June 27, 2019

Some Good News Amid the Horrid

Thursday was an unusual news day with two major stories dominating virtually all news outlets—the Malaysian airliner which was “> entered Gaza to prevent Hamas’ rockets from raining down on its population centers.

Pretty much lost amidst those dominating stories were some rather interesting items that speak to the uniqueness of our country and its attitudes towards minorities.

On Wednesday, the Pew Research Center released a study, “>widespread interactions among different religious groupings. 87% of American adults say they know someone who is Catholic, 77% say they know someone who is “not religious”, 61% say they know someone who is Jewish. The latter datum is quite remarkable since only 2%, + or -, of the public identify as Jewish (for comparison purposes, only 44% of the public claims to know a Mormon which, similar to Jews, constitute about 2% of the American public). 

The average American personally knows members of at least four of the eight religious about whom the survey was conducted (Evangelical Christians, Catholics, Jewish, Atheist, Mormon, Muslim, Buddhist and Hindu). Americans with college degrees tend to know members of five religious groups while those with a high school diploma or less know, on average, three groupings.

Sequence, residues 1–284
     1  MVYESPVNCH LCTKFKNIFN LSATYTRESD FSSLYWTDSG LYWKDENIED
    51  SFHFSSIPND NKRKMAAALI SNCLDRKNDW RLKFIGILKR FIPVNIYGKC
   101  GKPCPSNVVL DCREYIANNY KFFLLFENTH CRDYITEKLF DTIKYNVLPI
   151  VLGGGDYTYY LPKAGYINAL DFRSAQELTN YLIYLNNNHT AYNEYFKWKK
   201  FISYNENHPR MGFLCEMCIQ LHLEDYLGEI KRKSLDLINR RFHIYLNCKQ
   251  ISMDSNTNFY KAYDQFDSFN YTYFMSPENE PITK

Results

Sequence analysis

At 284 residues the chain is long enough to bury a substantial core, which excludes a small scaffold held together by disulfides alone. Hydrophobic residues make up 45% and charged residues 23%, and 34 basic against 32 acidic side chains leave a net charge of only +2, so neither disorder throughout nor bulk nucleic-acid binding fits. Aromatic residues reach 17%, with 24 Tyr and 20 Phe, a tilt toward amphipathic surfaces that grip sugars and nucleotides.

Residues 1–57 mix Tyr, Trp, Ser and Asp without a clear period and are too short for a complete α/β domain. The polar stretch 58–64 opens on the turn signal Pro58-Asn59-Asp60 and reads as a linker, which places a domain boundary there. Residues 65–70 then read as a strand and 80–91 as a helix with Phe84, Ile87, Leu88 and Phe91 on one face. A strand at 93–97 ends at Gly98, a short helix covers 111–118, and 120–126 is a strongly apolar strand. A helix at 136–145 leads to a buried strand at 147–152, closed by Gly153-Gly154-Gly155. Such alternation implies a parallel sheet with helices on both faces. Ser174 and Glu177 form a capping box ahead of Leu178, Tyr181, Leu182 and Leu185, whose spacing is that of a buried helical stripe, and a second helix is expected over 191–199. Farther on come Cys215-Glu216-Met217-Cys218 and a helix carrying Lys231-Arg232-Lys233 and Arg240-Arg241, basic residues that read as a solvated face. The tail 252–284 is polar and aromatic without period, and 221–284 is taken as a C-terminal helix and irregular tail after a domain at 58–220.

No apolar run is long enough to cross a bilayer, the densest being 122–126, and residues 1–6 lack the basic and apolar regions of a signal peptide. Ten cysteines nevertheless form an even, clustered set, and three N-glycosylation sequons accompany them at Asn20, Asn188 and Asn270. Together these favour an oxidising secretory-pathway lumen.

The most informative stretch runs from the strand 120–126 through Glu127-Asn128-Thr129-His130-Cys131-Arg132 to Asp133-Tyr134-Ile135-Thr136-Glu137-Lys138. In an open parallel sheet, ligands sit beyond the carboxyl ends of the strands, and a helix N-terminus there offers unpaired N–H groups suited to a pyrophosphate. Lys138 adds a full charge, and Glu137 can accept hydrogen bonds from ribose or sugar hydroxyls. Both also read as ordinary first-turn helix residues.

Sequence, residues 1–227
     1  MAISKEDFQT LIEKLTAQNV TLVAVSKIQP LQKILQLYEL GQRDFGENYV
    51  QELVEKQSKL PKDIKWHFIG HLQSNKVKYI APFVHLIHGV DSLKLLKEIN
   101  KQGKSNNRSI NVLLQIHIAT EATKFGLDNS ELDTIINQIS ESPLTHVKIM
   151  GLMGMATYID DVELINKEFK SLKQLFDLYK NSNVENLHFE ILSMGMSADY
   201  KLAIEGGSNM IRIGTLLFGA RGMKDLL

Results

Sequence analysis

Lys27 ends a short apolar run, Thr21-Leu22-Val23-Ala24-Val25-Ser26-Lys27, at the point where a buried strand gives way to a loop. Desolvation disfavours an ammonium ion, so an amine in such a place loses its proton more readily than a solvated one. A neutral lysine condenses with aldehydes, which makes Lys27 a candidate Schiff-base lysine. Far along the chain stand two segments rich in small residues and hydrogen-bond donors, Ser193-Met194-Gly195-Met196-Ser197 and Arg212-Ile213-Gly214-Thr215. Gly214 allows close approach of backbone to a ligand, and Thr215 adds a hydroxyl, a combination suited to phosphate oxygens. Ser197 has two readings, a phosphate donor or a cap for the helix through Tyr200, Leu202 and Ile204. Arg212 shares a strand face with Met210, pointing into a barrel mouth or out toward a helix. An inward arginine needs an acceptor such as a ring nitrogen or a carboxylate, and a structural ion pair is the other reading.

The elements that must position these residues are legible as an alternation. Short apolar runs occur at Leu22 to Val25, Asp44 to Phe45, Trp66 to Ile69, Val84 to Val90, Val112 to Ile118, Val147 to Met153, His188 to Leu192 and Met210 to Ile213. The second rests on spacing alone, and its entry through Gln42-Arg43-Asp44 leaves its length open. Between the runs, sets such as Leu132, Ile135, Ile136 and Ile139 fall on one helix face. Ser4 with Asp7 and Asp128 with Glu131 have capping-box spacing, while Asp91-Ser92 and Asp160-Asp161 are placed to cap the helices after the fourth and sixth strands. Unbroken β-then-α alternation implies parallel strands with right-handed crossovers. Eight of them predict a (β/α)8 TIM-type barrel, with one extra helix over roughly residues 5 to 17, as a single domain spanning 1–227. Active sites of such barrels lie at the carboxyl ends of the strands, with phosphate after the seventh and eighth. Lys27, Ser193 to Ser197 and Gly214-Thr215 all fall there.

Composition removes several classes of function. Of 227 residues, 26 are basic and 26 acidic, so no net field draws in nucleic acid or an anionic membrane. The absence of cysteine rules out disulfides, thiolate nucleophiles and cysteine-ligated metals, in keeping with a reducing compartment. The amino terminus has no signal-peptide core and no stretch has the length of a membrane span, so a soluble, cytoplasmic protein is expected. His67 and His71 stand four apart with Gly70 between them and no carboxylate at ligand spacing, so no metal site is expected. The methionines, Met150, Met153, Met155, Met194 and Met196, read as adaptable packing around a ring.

Another Pew study released this week reveals more encouraging data, “the sympathies of the American public continue to lie with Israel rather than the Palestinians.” With data going back nearly forty years, the “> reports that on the eve of Bastille Day (on July 13th), about 7,000 demonstrators marched toward the Bastille proclaim their solidarity with the Palestinians of Gaza. 200 young men broke off from the group and headed toward a synagogue (Abravanel) shouting “death to the Jews” and trapping 200-400 Jews inside the synagogue literally trapped. It took several hours for the police to arrive and allow those trapped in the synagogue to leave. 

President Francois Hollande condemned the demonstration and its anti-Semitic chants with an awkward declaration that, “One cannot make use of anti-Semitism because there’s a conflict between Israel and Palestine.” Despite its inelegance, his sentiment was well intended.

The contrast with the American public and its tolerant, civil sentiments are clear.